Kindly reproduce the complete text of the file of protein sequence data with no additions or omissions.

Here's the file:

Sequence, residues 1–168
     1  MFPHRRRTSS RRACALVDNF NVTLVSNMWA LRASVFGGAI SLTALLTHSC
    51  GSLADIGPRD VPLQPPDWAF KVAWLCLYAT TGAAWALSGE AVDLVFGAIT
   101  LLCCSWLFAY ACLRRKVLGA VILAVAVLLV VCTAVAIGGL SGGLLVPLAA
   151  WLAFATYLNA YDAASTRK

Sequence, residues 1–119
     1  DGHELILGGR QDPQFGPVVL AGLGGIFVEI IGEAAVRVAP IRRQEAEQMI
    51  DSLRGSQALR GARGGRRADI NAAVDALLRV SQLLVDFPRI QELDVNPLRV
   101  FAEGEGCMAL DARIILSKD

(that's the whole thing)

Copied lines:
Sequence, residues 1–168
     1  MFPHRRRTSS RRACALVDNF NVTLVSNMWA LRASVFGGAI SLTALLTHSC
    51  GSLADIGPRD VPLQPPDWAF KVAWLCLYAT TGAAWALSGE AVDLVFGAIT
   101  LLCCSWLFAY ACLRRKVLGA VILAVAVLLV VCTAVAIGGL SGGLLVPLAA
   151  WLAFATYLNA YDAASTRK

Sequence, residues 1–119
     1  DGHELILGGR QDPQFGPVVL AGLGGIFVEI IGEAAVRVAP IRRQEAEQMI
    51  DSLRGSQALR GARGGRRADI NAAVDALLRV SQLLVDFPRI QELDVNPLRV
   101  FAEGEGCMAL DARIILSKD